Young winger Matt Martin was impressive in a his short stint on John Tavares’s wing, showing a willingness to stir it up, throw the body and drop the gloves. He probably won’t be more than a 30-35 point guy, but will be an important character player down the road. Trent Hunter should start looking over his shoulder at Martin.

PA Parenteau has taken number 15, will he follow in the former 15’s footsteps? As we all know Jeff Tambellini wore number 15 the past few seasons and was never able to stay on the ice for any length of time. After fans and even some reporters questioned Ted Nolan’s dislike for the kid, Tamby found himself firmly in Scott Gordon’s doghouse just a quickly. Parenteau is a Tambellini clone (minus the speed), he has outstanding hands and has scored the lights out of many AHL rinks. Can that translate into NHL success?…we’ll see but I see Parenteau sitting in the press box plenty as well.

Jon Sim is back for another go with the Islanders. Sim scored 13 goals but is mostly an agitator type who works his butt off. He’ll spend most of his season in Bridgeport tutoring the youngsters on the finer points of leaving it all on the ice. Though I suspect he’ll get into more than a few NHL games.

Doug Weight has not technically signed a contract for this upcoming season, though he most likely will in the coming weeks. He will provide more mentoring for Tavares, Bailey and Okposo (mostly Tavares) and occasionally some Power Play time as well. Weight is well past his prime and had season ending shoulder surgery last season so I don’t expect him to play too much in what should be his final season on the ice. I have little doubt that Weight will continue his career with the Islanders well after his playing career is over.

Jesse Joensuu is entering his 3rd season in North America and must prove he is an NHL player this season. His first season was a success as he made in to the NHL for a cup of coffee and even scored his first NHL goal, but was unable to crack the lineup last September and played in only 10 games on Long Island this past season. Joensuu is a big boy with some nice hands, hopefully this is the year he starts to put it all together.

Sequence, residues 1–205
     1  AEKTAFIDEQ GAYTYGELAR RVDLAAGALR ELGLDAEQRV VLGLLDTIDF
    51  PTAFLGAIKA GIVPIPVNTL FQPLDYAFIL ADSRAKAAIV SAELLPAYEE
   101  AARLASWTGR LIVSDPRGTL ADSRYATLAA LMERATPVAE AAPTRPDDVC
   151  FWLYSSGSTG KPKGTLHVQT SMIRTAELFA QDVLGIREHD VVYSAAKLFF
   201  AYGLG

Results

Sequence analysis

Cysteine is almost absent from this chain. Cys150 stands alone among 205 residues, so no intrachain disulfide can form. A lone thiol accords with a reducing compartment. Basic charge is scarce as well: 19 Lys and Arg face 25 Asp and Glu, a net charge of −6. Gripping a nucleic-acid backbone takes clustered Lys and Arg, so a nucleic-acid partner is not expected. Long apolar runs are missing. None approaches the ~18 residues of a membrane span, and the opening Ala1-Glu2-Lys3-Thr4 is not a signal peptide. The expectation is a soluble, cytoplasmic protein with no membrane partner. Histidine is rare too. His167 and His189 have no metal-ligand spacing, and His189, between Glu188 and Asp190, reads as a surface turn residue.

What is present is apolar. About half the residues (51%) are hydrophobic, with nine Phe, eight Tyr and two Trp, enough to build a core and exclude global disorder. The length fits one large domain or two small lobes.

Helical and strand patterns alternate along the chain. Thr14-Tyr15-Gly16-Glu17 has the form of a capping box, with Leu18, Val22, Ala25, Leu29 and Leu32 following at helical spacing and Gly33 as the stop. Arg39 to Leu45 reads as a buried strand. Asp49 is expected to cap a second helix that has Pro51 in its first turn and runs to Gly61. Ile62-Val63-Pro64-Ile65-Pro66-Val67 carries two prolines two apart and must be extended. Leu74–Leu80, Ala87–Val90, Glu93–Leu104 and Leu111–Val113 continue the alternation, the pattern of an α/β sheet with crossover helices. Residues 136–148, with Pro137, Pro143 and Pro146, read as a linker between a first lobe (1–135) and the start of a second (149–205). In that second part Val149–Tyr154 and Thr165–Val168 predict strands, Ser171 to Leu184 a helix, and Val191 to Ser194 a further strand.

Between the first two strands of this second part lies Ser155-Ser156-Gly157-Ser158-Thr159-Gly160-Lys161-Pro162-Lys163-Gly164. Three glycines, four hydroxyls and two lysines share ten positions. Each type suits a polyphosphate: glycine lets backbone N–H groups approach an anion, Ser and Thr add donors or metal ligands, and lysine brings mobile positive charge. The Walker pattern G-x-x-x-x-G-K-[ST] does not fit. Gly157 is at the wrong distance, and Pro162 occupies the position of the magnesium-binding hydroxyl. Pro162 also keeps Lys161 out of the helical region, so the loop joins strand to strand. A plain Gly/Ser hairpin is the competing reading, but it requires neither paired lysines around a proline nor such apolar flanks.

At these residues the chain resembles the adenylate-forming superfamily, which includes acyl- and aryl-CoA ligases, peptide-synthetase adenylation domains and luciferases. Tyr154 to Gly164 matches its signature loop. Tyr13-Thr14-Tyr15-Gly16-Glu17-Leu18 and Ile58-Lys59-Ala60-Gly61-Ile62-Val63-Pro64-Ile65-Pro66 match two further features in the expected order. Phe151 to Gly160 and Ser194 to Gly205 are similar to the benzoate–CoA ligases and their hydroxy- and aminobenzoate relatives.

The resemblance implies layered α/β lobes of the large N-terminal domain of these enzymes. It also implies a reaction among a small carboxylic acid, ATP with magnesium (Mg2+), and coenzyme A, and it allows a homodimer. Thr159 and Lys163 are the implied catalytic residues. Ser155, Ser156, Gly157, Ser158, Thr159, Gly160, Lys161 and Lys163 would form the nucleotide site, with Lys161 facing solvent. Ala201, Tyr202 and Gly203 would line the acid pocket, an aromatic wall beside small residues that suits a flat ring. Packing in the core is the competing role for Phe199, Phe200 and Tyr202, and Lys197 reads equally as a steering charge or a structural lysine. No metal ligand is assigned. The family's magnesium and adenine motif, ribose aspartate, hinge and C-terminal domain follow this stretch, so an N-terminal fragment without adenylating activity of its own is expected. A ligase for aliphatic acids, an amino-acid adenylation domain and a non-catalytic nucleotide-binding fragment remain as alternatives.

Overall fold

Knocking on the door…

W Kirill Petrov 3rd round pick 2008, W Kirill Kabanov 3rd round pick 2010, Nino Niederreiter 1st round pick 2010, David Ullstrom 3rd round pick 2008.

The Islanders will be taking a hard look at the 4 youngsters you see above. Petrov has the best chance to stick being he seems the most NHL ready. The only sticking point is he isn’t under contract with the Islanders as of yet. Recently, his KHL team, Kazan, has expressed a growing interest in their young winger (funny how that happens now that he has seen Long Island and what is ahead of him). I look at this as posturing from Kazan and a reminder that they will need to be compensated for him. If Petrov comes to Long Island for training camp….the likelihood is he’ll stay.

The Islanders took a trio of extremely talents kids in this June’s draft. Nino Niederreiter and Kirill Kabanov have a realistic chance to stay with the team this season but most likely will return to their junior teams. Nino will only turn 18 on September 8th and it would do him good to go back to junior and dominate again with the Portland Winterhawks. Kabanov might have a better chance to stick, since the Islanders want to keep a close eye on him, though I believe they trust former Isles Assistant Coach Danny Flynn to watch over their talented winger in Moncton. Kabanov again could use a season dominating the QMJHL and could come to camp poised to take a spot on Tavares’ line in 2011.

Finally there is David Ullstrom. Ullstrom is a 3rd rounder out of Sweden, who possesses size, speed and a bit of a scorer’s touch. He’s not projected as a top 6 forward, but could add some much needed size and ability to the bottom 6 spots. Though a long shot it will be interesting to see how Ullstrom fairs considering he has spent the past few seasons playing in Sweden against some impressive talent.

Summing up….

I haven’t been this excited about a group of talent like this in a long time. Not only the players who will be on the ice Oct 9th, but the Nino’s, Kabanov’s and Petrov’s make me giggle with excitement. Kudos to Garth Snow, who has done an excellent job amassing the young talent he has in such a short amount time. The future is bright with these kids folks…

My next blog will size up the defense for 2010-2011, followed by the goaltending and coaching.

Twitter @tonystabile

Share this nice post:

Filed Under: New York IslandersNHLNHL Teams

About the Author: The New York Islanders have been a huge part of my life since I was 7 years old, and during the past 27 years I have experience many ups and downs with this team. The back end of 4 straight Stanley Cups, the Drive for 5, the Easter Epic, trading of my heroes John Tonelli, and Kelly Hrudey. Mike Bossy's early retirement, Pat LaFontaine for Pierre Turgeon, Dale Hunter, David Volek, Ron Hextall, Al Arbour's retirement, Bill Torrey to Florida, Mike Milbury, John Spano, The Milstein's, Hoistgate, the sale to Charles Wang, Draft Day 2000, Alexei Yashin and Michael Peca, Milbury's "reassignement", 40 days of Neil Smith, Ted Nolan, The Lighthouse Project, Kate Murray, Scott Gordon, going from 5 to 7 to 9, Josh Bailey, John Tavares, Calvin deHaan, El Nino, the 2 Kirill's and hopefully.....much, much more. I have been an Islanders blogger for the past 3 years, starting on Myspace, then for IslesNation.com and currently for HockeyIndependent.com, and I have been selected to the 2010-2011 New York Islanders Blog Box. I am an IT Manager for a quite large facility working for a government agency. I am married for 7 years to an incredibly patient woman and am the proud father of a beautiful 1 year old daughter. Email: ajstabile@gmail.com Twitter: Twitter.com/tonystabile